Hugh leapt on to him, striving to thrust his sword up beneath his gorget and make an end of him.
Next came the gorget, as it was called, which was a sort of collar to cover the neck.
This gorget belongs, in its general character as an ornament, to the North.
The gorget presented in Fig. 1 of this plate is copied from Schoolcraft.
It had a pivoted or hinged vizor and nosepiece, and complete chin, neck and cheek protection, closely connected with the gorget.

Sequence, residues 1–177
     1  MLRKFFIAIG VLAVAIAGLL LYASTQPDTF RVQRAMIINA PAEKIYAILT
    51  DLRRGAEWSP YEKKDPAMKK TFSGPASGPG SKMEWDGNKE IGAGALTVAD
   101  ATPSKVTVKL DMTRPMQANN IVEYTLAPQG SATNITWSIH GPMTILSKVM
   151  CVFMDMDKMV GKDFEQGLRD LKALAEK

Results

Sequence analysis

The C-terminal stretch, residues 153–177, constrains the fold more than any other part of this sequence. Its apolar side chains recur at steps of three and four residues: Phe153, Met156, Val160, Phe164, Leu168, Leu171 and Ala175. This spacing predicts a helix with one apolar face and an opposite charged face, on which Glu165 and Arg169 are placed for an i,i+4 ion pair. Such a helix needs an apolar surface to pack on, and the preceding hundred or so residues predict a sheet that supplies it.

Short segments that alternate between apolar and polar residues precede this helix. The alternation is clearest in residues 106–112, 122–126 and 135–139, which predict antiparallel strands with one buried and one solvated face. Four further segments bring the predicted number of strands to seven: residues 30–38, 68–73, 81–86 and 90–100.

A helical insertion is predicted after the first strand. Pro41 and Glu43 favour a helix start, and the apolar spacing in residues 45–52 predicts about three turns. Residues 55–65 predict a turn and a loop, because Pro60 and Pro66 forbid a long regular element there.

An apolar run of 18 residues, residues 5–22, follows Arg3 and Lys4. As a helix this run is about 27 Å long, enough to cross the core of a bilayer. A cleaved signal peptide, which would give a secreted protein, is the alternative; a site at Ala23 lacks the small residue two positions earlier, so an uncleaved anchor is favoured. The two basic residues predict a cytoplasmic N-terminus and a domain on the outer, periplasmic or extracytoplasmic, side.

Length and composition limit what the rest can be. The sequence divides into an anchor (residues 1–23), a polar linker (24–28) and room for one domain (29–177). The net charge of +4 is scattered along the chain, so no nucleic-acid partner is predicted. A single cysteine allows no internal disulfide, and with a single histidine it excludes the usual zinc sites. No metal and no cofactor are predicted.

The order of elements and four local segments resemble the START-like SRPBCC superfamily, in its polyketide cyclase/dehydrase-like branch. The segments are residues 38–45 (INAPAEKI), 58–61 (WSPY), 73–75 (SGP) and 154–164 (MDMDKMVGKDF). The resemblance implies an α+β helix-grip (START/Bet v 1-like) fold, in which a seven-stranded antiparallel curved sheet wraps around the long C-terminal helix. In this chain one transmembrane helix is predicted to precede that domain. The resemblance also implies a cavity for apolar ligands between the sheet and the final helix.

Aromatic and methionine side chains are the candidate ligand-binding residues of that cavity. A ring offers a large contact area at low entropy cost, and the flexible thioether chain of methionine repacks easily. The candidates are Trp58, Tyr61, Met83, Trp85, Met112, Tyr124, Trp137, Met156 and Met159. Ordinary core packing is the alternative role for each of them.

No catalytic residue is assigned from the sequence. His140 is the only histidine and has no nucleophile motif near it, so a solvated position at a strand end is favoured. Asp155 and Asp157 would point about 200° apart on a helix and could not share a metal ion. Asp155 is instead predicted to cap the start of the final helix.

This was the gorget or whisk, which was used both plain and laced.
Her warm breath penetrated the crevices of his gorget and fanned the back of his neck.
The gorget was worn either over or under the breast- and backplates.
Then her plum-blue eyes showed how truly blue they could become and she threw her arms around his gorget.
The last survival of plate armour is to be found in the gorget.
gorget gor·get (gôr'jĭt)
A surgical director or guide with a wide groove for use in lithotomy.